Walmart, which reports earnings on Tuesday, recently opened a second freestanding health clinic in Georgia next to one of its supercenters.
Customers can see a doctor for routine visits, in addition to urgent care, x-rays, labs, counseling, dental care and eye exams.
Health care is expensive, and retailers like Walmart, CVS and Walgreens see that as an opportunity.
“[Health care] is difficult to access and that doesn’t seem to be getting solved very rapidly within the health care industry,” said Joel Rampoldt, a managing director at Alix Partners.
“A lot of folks in retail are saying, ‘Hey, we have stores close to where people are, we have a proven ability to deliver goods and services in a highly efficient manner, and this sounds like something that we’d be good at,'” he said.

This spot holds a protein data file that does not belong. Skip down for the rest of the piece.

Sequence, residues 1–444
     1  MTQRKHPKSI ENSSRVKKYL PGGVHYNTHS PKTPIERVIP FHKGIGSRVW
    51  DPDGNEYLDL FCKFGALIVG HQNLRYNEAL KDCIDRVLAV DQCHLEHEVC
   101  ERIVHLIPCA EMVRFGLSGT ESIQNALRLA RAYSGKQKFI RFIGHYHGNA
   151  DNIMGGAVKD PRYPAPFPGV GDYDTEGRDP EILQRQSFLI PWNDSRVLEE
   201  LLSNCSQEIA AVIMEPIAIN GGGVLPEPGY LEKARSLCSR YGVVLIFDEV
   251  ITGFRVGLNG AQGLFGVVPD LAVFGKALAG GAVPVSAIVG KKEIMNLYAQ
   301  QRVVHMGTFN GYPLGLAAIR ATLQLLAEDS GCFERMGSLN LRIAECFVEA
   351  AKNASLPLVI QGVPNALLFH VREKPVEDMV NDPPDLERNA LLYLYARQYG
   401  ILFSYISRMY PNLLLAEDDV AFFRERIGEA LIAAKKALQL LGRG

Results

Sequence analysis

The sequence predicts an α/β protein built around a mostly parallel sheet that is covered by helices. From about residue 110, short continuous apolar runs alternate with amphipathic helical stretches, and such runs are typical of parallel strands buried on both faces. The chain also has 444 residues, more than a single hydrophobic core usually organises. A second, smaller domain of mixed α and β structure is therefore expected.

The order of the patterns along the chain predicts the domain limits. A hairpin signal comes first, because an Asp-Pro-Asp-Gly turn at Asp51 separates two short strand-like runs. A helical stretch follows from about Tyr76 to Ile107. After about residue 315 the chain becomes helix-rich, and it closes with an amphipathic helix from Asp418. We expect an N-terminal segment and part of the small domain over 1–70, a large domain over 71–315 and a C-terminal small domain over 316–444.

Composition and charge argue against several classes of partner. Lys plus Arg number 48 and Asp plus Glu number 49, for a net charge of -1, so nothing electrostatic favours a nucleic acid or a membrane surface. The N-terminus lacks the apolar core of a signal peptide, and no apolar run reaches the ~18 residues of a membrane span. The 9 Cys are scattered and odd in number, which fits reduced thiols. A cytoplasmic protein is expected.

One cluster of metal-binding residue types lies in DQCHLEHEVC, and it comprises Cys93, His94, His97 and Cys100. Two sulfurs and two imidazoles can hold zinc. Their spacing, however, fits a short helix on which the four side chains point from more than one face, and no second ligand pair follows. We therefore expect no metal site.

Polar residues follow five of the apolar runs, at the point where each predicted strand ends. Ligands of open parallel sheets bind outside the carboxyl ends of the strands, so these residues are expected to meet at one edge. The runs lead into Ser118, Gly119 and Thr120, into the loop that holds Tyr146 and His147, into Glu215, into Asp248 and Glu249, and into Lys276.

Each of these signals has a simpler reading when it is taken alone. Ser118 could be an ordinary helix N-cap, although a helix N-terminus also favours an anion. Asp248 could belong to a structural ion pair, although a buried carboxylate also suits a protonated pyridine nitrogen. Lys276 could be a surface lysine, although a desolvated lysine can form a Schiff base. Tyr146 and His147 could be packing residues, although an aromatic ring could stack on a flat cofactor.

Walmart is promising transparent and low pricing at these new clinics, whether or not customers have insurance.
But there is a challenge here for any retailer, according to Timothy Campbell, director of retail insights at Kantar.
“Do you really want to go to a retail store to [for] your health care? You’re not necessarily looking for a bargain buy. Your quality and your life is your most important thing,” Campbell said.
But he says it seems like Walmart designed the new clinics with that in mind. They have separate entrances and they look like doctor’s offices, not Walmart supercenters.
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